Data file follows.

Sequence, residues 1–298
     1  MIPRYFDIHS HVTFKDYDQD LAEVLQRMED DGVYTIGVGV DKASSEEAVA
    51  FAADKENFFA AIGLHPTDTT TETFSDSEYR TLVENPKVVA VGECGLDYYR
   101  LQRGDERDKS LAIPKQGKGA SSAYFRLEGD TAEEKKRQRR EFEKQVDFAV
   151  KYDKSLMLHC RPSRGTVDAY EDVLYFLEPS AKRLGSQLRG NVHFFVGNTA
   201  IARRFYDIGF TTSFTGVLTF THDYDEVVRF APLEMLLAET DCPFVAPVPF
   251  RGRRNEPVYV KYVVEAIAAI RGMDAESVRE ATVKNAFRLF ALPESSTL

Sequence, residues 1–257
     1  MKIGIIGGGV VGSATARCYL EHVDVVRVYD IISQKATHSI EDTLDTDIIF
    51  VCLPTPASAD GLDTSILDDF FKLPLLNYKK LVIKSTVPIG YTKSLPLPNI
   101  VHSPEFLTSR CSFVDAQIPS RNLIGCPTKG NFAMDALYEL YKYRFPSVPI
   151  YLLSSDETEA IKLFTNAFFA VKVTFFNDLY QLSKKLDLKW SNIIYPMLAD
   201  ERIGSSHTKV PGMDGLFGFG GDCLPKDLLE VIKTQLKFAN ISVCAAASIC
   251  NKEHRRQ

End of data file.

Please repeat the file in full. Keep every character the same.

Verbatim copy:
Sequence, residues 1–298
     1  MIPRYFDIHS HVTFKDYDQD LAEVLQRMED DGVYTIGVGV DKASSEEAVA
    51  FAADKENFFA AIGLHPTDTT TETFSDSEYR TLVENPKVVA VGECGLDYYR
   101  LQRGDERDKS LAIPKQGKGA SSAYFRLEGD TAEEKKRQRR EFEKQVDFAV
   151  KYDKSLMLHC RPSRGTVDAY EDVLYFLEPS AKRLGSQLRG NVHFFVGNTA
   201  IARRFYDIGF TTSFTGVLTF THDYDEVVRF APLEMLLAET DCPFVAPVPF
   251  RGRRNEPVYV KYVVEAIAAI RGMDAESVRE ATVKNAFRLF ALPESSTL

Sequence, residues 1–257
     1  MKIGIIGGGV VGSATARCYL EHVDVVRVYD IISQKATHSI EDTLDTDIIF
    51  VCLPTPASAD GLDTSILDDF FKLPLLNYKK LVIKSTVPIG YTKSLPLPNI
   101  VHSPEFLTSR CSFVDAQIPS RNLIGCPTKG NFAMDALYEL YKYRFPSVPI
   151  YLLSSDETEA IKLFTNAFFA VKVTFFNDLY QLSKKLDLKW SNIIYPMLAD
   201  ERIGSSHTKV PGMDGLFGFG GDCLPKDLLE VIKTQLKFAN ISVCAAASIC
   251  NKEHRRQ